Ambedkar in LondonPart of the Comparative Politics and International Studies Series Christophe Jaffrelot (ed.) series
An exploration of the international context for Ambedkar’s ideas around caste, law, religion, democracy and race, as developed while studying in the imperial capital.
Dr Bhimrao R. Ambedkar (1891-1956) was one of India’s greatest intellectuals and social reformers; his political ideas continue to inspire and mobilise some of the world’s poorest and most socially disadvantaged, in India and the global Indian diaspora. Ambedkar’s thought on labour, legal rights, women’s rights, education, caste, political representation and the economy are international in importance.
This book explores his lesser-known period of London-based study and publication during the early 1920s, presenting that experience as a lens for thinking about Ambedkar’s global intellectual significance. Some of his later canon on caste, and Dalit rights and representation, was rooted in and shaped by his earlier work around the economy, governance, labour and representation during his time as a law student and as a doctoral candidate at the London School of Economics.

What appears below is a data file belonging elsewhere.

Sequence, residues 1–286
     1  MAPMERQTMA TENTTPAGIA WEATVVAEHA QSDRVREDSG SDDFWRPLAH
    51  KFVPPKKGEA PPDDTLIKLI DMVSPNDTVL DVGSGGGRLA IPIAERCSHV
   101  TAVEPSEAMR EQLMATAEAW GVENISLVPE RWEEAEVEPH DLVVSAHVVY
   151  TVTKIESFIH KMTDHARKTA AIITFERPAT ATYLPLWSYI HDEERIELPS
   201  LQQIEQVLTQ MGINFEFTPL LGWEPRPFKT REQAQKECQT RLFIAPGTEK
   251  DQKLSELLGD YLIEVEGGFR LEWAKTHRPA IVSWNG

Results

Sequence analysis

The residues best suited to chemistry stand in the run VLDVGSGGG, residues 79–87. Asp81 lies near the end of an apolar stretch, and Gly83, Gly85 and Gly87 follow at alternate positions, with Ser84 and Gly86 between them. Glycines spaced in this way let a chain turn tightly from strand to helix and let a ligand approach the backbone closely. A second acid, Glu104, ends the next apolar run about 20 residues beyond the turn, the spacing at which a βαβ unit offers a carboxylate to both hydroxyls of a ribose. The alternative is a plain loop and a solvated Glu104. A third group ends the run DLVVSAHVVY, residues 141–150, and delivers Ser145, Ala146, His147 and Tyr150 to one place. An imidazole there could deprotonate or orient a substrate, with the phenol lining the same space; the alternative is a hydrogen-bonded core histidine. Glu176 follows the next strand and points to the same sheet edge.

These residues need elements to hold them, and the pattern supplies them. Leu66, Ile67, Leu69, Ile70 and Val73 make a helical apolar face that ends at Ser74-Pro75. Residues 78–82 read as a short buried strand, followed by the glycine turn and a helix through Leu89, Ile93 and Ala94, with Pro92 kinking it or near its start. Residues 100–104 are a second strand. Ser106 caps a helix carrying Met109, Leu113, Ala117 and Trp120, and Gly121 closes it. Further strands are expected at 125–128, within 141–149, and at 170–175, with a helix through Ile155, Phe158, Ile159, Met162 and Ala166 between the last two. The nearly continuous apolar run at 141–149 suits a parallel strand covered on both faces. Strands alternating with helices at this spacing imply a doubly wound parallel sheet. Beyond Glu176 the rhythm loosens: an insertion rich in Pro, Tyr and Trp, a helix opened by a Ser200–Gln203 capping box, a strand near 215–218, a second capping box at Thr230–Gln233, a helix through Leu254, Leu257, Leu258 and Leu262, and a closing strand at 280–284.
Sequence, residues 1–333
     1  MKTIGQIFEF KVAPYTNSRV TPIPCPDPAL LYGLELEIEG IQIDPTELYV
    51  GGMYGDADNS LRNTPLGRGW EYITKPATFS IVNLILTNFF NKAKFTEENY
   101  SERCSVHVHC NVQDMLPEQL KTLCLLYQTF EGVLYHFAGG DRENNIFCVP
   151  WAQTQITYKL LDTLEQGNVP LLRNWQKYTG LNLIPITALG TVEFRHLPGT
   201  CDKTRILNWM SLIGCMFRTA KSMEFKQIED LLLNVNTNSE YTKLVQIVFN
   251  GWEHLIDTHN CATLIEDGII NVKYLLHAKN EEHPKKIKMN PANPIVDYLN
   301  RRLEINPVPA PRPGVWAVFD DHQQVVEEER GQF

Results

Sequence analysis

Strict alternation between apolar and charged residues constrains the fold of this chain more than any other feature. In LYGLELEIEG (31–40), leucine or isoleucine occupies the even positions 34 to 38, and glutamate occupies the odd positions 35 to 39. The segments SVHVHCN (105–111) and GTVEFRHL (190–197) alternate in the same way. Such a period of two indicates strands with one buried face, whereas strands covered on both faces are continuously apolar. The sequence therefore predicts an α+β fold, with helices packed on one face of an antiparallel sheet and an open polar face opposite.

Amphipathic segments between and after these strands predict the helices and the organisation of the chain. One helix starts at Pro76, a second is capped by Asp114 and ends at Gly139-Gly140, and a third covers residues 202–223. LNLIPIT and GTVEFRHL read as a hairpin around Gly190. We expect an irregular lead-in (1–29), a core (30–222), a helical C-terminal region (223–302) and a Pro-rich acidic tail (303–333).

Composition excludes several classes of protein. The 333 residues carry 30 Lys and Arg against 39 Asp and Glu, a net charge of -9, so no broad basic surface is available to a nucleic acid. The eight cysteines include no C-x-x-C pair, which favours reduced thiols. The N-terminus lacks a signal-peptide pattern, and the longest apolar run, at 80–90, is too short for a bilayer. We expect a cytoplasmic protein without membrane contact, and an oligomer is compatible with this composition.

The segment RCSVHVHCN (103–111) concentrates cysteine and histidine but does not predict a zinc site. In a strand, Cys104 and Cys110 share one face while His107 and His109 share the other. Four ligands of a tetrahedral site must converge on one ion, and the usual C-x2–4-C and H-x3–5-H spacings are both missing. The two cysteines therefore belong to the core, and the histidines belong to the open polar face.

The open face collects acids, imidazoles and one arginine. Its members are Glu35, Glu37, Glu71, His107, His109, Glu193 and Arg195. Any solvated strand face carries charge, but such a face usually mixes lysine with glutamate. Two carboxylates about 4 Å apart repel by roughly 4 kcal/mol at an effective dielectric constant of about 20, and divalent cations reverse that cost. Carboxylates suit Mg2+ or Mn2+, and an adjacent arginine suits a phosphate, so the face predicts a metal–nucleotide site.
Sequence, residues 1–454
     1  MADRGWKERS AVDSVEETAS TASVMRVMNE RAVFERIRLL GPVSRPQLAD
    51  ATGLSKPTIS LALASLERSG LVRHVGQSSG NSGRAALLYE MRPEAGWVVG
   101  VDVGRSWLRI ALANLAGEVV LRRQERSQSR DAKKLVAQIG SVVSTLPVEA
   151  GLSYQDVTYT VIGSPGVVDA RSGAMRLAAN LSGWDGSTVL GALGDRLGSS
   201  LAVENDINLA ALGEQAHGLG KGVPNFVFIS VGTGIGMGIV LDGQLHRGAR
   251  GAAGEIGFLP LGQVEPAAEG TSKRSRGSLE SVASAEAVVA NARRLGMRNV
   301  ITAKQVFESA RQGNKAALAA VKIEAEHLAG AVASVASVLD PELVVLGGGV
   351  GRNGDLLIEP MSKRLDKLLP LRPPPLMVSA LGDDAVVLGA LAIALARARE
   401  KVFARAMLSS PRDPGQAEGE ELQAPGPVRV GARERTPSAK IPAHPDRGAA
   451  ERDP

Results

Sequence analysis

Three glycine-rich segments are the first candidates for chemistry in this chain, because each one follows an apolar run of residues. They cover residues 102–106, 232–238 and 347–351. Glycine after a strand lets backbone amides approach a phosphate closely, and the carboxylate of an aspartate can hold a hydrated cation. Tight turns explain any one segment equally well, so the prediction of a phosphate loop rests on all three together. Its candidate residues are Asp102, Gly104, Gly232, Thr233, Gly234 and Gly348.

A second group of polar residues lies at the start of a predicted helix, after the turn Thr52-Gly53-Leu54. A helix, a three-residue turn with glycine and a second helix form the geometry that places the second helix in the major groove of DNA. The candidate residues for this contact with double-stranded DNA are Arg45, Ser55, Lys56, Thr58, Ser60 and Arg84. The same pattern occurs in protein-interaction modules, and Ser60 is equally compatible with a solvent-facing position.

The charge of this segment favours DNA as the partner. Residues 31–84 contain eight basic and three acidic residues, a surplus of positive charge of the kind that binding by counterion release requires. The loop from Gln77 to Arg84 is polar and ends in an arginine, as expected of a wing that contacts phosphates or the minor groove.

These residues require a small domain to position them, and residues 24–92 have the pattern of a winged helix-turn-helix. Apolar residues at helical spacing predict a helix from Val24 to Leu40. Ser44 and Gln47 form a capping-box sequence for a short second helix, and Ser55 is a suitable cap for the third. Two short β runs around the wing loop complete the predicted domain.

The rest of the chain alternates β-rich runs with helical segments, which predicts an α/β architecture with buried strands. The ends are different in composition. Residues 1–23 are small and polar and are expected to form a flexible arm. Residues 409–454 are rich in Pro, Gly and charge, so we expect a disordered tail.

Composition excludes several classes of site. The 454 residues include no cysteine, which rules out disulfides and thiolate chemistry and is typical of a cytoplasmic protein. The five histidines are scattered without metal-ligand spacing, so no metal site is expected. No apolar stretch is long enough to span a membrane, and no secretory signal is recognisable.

The Indian diaspora in the UK is the country’s single largest national minority. This volume connects Ambedkar’s influence during his lifetime, and his legacy today, to this early phase of his career and intellectual life in London, and its immediate aftermath. It contains new material on the establishment of the city’s Ambedkar Museum, explores Britain’s Ambedkarite movement, and charts the campaign to outlaw caste discrimination in the UK.
William Gould is Professor of Indian History, University of Leeds.
Santosh Dass MBE, a former senior civil servant, is a human rights and equality campaigner, fighting for UK caste-based discrimination to be outlawed.
Christophe Jaffrelot is Avantha Chair and Professor of Indian Politics and Sociology at the King's India Institute.